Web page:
Biggles
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Michael Chu



Joined: 10 May 2005
Posts: 1635
Location: Austin, TX (USA)

PostPosted: Thu Oct 27, 2005 4:44 am    Post subject: Reply with quote

Dr. Biggles, you're no trouble at all! You've got to try harder!

Seriously, I'm glad I've got active posters and commenters on this website and the forums like Dr. Biggles - otherwise we couldn't have a dialogue about food. CfE would just be another recipe site with some kid writing webpages on topics he has no expertise in and no one to keep him honest.

I appreciate everyone's comments and opinions and love to hear about how others are tackling cooking (with or without modern "conveniences" - regardless of if it's done simply for survival or for the sheer love of it.
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Paul W.
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PostPosted: Thu Oct 27, 2005 4:45 am    Post subject: Reply with quote

Krups Coffee grinders are so cheap that I have 2 of them. One I use for chillis and spices that are more pungent. The other I use for everything else. This way I do not have to be so fussy about cleaning the dried chillis and peppers I often use in my cooking. As for the cloudy lid - this also happens if you heat the spices up before putting them in the grinder. Frankly, I don't really care, it still works the same, cloudy lid or not. One more note: If you grind hot-dried chillis in this thing it is best to let it sit for a minute or two before opening. I ground some particularly hot dried Thai chillis a while ago and pulled the lid of too soon. It took me about 30 minute in the shower to get the sting out of my eyes. I took an hour with the fan blowing and windows and doors open before I could stand being in the kitchen.

I've been lurking for awhile - My first post.
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PostPosted: Thu Oct 27, 2005 4:46 am    Post subject: Reply with quote

Hey Michael,

Try harder? Jeez, I thought that was a pretty good effort back there. I'll see what I can do for ya.

I used an electric thing yesterday at work. One of those home deep fryer rigs. I've been persuing a special type of fried chicken and thought I would have more time to deal with it at work. You see, I have 2 small kids at home and don't have a lot of time for kitchen work.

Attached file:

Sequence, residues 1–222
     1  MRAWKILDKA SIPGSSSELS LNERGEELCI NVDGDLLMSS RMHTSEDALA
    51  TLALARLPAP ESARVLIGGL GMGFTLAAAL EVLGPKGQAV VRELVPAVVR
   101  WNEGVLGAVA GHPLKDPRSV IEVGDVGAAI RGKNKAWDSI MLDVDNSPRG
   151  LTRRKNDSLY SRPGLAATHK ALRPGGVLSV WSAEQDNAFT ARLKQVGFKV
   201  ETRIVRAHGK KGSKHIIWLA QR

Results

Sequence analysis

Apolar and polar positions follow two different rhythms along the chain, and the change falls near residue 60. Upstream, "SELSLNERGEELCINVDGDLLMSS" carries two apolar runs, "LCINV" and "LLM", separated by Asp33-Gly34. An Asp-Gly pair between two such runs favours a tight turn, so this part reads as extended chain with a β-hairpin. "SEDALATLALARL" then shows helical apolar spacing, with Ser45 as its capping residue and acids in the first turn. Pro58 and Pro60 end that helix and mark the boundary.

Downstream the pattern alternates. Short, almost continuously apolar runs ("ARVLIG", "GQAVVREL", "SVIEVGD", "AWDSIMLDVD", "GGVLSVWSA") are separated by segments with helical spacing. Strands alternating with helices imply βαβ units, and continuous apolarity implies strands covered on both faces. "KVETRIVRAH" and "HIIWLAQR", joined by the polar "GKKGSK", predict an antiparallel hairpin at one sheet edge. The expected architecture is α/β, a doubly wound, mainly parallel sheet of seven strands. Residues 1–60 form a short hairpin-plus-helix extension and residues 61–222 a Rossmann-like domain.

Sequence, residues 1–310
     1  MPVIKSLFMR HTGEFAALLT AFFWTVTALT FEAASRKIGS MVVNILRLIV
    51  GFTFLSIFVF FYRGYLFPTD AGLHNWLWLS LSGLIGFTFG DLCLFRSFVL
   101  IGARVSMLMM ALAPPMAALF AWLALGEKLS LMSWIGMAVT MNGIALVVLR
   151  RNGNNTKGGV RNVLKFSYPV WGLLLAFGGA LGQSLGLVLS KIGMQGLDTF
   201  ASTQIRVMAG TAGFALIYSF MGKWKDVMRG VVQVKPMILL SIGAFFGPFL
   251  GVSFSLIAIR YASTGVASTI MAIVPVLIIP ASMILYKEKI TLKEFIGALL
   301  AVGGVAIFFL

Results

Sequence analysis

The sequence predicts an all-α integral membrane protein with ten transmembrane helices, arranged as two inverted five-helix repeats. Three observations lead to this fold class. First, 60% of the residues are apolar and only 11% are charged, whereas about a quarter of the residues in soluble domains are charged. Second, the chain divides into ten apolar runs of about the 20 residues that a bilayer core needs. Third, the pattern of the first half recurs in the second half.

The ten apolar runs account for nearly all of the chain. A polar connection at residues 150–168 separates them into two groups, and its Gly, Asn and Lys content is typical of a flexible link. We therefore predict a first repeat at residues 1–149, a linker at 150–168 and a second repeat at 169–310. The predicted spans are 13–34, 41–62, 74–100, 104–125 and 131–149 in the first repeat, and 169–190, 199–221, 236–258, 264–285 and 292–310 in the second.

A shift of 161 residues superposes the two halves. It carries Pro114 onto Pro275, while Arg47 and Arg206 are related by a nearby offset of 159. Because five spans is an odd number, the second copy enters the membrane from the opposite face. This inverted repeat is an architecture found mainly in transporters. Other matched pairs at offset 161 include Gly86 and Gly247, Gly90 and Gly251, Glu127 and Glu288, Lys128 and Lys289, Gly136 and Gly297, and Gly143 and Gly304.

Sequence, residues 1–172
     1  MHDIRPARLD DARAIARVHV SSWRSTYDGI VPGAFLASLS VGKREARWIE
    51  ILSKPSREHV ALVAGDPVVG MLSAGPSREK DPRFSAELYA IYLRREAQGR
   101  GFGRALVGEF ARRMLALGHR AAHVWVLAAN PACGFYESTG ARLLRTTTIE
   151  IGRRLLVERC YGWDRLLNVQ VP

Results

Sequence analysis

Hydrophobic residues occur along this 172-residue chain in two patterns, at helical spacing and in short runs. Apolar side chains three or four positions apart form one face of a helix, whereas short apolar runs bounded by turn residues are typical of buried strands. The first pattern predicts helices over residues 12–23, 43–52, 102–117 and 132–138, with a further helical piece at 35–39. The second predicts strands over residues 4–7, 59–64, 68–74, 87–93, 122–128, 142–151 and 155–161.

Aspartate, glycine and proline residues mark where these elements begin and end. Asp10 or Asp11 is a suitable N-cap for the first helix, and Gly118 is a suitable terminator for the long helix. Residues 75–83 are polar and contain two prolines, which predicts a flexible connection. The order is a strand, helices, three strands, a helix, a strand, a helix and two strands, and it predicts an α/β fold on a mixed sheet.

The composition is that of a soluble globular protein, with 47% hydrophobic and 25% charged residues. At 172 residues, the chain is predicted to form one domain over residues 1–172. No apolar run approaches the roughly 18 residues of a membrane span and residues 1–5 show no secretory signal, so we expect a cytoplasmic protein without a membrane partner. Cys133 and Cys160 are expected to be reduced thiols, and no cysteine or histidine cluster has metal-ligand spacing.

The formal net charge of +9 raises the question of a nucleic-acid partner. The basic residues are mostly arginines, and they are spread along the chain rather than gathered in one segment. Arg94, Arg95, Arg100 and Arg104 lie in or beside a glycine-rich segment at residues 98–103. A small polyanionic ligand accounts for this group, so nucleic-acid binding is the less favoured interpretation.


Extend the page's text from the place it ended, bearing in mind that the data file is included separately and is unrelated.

Anyway, this type of chicken has been elusive to say the least. The long & short of it is the damned fryer is about 50 degrees F short. I used that new fancy Thermopen (badass rig to say the least) and it was obvious what my problem was. Dang electric fryer. I'm thinking I might order that really nice cast iron chicken fryer KIT from Lodge. It comes with a large deep cast iron fry pan, basket (I don't use the basket) and a nice thermometer. At least this way I can make sure I have at least 375 if not closer to 400.

Biggles / http://www.meathenge.com/
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PostPosted: Thu Oct 27, 2005 4:47 am    Post subject: Reply with quote

Oh man, I totally ground some cloves in my grinder just before xmas. hehe... imagine what happened. ::shrug:: I can make due with a cloudy/clovey lid... cause I'm sure as hell not paying $9 bucks for a new one. Teasing They should make a metal alternate lid. That I might be willing to get for 9. ::shrug::

-Dranore
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PostPosted: Thu Oct 27, 2005 4:47 am    Post subject: Reply with quote

I picked up a cheapo Toastmaster grinder for less than your replacement lid. It was around $8 before the holidays (I guess a cheap coffee grinder makes an excellent gift in someone's eyes). I haven't tried it yet, but I'm not looking to turn my spices into powder anyway, so how bad can it be?
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PostPosted: Thu Oct 27, 2005 4:47 am    Post subject: Reply with quote

I have had this grinder for 10+ years. I use it for coffee and it works great. It is worth much more than it costs!
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Richard
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PostPosted: Thu Oct 27, 2005 4:47 am    Post subject: Reply with quote

Thanks for writing about the Krups grinder. I've been using it to grind spices and coffee for ten years, and it's good to see the advice about clove oil.